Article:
Therefore the Court rejected the prayer to quash the order of the Assistant City Civil Judge, Madras by issue of a writ of certiorari. The incidental observation of GajendragadkarC. J., based on the passage from Halsbury's aws of England, Vol. II, page 130, quoted in Paragraph 8 supra, would support this view.
As I have already said even if interference with such an order is permissible on the basis of the decision in 1960-2 All ER 385, I see no want of Jurisdiction In the Court below to pass the order. Left to myself considering the amplitude of the power conferred upon this Court under Article 226, I should have thought mat if a decision of a Court of competent Jurisdiction is vitiated by an error of law apparent on the face of the record, it is liable to be corrected in certiorari, and if a void custom is made the basis of a judicial decision, that decision is vitiated by an error of law apparent on the face of the record. Counsel for respondents 2 to 7 did not contend that regular appeal would He from the impugned order, but said that an appeal can be Bled under Article 136 of the Constitution, and therefore, there are no compelling reasons for interference with the order under Article 226.
If writ in the nature of certiorari could be issued to quash the order, the fact that an appeal could be entertained by the Supreme Court under Article 136, would not have weighed with me, and I would have issued the writ or order. But I doubt, whether in thepresent state of authorities a writ or an order the nature of certiorari would lie to quash an order of competent civil Court for the reason that the order is vitiated by an error of law apparent on the face of the record. No doubt, the original reason for not issuing the writ in English law was the availability of the writ of error, or appeal to quash the decision. We have no writ of error as such and the existence of a remedy by way of appeal has never been an absolute bar with us for issuing a writ in the nature of certiorari. Though I see no logical reason for withholding the remedy by way of certiorari, the available judicial precedent and the incidental observations of the Supreme Court already referred to, incline that way.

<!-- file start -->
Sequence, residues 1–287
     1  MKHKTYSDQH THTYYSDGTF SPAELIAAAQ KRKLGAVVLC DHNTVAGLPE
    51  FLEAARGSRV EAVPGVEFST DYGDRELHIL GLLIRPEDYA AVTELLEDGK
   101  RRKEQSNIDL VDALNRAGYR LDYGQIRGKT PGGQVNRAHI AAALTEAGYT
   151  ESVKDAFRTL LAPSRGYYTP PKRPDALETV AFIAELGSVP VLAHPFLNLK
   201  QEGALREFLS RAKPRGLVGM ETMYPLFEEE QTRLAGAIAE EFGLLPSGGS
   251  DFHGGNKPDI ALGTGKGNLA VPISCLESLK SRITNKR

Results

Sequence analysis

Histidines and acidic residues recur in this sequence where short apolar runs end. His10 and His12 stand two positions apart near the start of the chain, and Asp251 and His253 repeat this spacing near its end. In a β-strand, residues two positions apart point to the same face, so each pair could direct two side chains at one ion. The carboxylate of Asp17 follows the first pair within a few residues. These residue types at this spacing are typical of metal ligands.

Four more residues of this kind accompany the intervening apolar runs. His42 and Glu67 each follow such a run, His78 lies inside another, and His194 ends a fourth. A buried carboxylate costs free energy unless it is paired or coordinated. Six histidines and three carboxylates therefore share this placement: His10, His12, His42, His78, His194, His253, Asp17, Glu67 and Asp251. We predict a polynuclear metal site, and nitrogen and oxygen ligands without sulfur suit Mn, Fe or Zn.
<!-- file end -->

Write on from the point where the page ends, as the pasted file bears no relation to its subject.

Mr. V. K. K. Menou said that this point was not taken in the previous writ proceedings in this Court, and therefore respondents 2 to 7 are estopped from raising this contention. Counsel argued that since this order has been passed after remand, the fact that the Jurisdiction of this Court to issue a writ was not challenged at the previous stage should preclude respondents 2 to 7 from raising this objection. I see no substance in this contention. Whether or not the point was raised in the previous writ proceedings, that would not prevent respondents 2 to 7 from contending that a writ or order in the nature of certiorari will not lie to quash Ext. P-8.